Category: Professional Development

What is “email etiquette” and why is it important to nurses?

As a professional nurse, you are expected to master the skill of effective communication, including email interactions.  However, email has its own language and etiquette. We’ve all been on the receiving end of a bad email – one that’s confusing; one where somebody rambles on and on; or one that’s abrasive, intentionally or not. The perception is that the sender is not very professional.  Likewise, some of us have sent emails that we wish we could take back. Once an email is out there, it can take on a life of its own. Therefore, knowing how to master email language and etiquette can pave the way for you to always be perceived as a consummate professional.   According to emailreplies.com, “There are many etiquette guides and many different etiquette rules.” Some rules will differ according to the purpose of your email. Below are my top 10 favorite tips from their 32 etiquette rules: 10 most important email etiquette tips: 1. Be concise and to the point2. Use proper spelling, grammar & punctuation3. Do not write in CAPITALS4. Read the email before you send it5. Do not overuse “Reply to All”6. Do not use email to discuss confidential information7. Avoid using URGENT and IMPORTANT8. Avoid long sentences9. Don’t send or forward emails containing libelous, defamatory, offensive, racist or obscene remarks10. Use cc: field sparingly And then my own personal favorite...

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Magic Mirror Neurons! Using brain science to create a positive work environment

We sometimes spend more of our waking hours at work than we do at home. Spending that time working in a negative environment means that most of your waking hours are spent under an umbrella of negativity. Ugh! Nobody likes to work in a negative environment, right? But generally people feel powerless to change it.  The mistake most people make is that they expect someone else to fix it – their boss, administration, or even their co-workers. If you really want to create a positive work environment, then tap into what nature has already given us – our brains!...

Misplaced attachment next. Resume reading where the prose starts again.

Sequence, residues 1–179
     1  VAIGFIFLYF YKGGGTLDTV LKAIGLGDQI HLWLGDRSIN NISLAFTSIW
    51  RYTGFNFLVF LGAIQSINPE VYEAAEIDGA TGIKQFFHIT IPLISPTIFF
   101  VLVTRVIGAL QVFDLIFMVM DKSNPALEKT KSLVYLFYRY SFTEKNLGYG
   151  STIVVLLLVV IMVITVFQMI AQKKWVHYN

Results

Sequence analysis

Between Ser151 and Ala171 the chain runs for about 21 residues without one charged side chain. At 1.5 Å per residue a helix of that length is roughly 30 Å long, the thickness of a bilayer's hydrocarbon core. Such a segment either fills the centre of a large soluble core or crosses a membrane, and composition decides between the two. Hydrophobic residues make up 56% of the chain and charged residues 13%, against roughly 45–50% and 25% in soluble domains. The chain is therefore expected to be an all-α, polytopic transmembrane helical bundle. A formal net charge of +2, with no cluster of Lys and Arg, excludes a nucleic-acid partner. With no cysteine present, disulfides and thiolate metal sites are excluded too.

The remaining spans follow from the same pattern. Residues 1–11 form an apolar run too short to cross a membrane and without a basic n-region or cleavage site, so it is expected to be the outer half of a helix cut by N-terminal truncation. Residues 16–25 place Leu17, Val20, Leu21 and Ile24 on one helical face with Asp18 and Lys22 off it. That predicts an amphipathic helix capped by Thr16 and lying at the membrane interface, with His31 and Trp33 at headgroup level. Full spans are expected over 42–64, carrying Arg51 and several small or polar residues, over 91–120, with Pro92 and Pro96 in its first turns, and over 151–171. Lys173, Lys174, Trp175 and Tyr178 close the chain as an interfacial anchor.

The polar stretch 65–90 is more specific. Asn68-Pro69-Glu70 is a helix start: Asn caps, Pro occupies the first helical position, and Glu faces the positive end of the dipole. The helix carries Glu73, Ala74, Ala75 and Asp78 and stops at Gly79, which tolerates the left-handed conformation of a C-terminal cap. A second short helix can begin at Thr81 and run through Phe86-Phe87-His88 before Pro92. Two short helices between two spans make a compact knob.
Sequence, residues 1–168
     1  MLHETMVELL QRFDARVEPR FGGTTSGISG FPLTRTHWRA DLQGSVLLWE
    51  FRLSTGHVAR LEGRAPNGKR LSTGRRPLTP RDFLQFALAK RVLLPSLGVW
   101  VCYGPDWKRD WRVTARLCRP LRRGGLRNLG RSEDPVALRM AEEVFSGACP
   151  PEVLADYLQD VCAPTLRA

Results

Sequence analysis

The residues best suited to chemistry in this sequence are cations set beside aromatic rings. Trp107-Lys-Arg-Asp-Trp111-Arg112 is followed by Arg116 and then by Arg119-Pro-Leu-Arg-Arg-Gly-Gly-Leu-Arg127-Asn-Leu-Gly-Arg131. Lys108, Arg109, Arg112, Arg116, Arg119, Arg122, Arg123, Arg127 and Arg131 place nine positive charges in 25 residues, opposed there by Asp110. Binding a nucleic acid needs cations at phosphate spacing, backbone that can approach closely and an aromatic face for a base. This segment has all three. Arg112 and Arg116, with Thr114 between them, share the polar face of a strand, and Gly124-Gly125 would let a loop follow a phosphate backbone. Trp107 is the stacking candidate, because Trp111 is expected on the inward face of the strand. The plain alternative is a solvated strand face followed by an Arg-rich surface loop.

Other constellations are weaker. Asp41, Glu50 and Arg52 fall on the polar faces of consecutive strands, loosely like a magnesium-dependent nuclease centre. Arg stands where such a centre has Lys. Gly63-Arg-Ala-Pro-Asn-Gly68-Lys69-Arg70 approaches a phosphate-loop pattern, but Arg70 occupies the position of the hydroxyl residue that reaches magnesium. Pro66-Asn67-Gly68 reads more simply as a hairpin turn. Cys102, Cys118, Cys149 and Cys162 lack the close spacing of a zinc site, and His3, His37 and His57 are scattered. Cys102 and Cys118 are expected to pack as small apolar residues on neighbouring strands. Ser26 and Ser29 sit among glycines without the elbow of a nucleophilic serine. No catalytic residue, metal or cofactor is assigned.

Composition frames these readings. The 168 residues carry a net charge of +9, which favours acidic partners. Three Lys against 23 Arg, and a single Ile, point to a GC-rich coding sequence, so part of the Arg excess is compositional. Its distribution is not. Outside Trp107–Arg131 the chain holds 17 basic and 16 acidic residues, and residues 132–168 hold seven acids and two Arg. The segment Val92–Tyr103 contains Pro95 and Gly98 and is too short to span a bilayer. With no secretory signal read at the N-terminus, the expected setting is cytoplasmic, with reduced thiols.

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Mastering the Art and Science of Giving and Receiving Feedback

Have you ever worked really hard on a project or presentation and either had to ask a colleague for feedback or had to ask an audience to evaluate you? Those moments when you know others are evaluating your work can be both exciting and torturous!  Nobody can deliver a perfect presentation, write a perfect paper, or design a perfect project on their first try. The best way we can improve is to get good, constructive feedback from others. Without feedback, we don’t grow. And then the moment comes. You get to hear or see the feedback. Dun da da dahhhhhhh. All of that anticipation, and then, nothing! Or at least, nothing you can use. Sometimes, you get the “it’s great” or “looks good to me,” general comments, but my first thought is “what specifically is great about it?” or “did they really read or pay attention?” Most evaluations provide opportunities for the audience to include comments. But many times you get the same circled number on the Likert scale with no comments or worse yet, comments that are not constructive – good or bad. Recently, I designed an online learning module to help teach senior nursing students how to “bully-proof” themselves before starting their first job. This project is part of my doctoral work and I was eager to try it out on a group of students. Sixty students...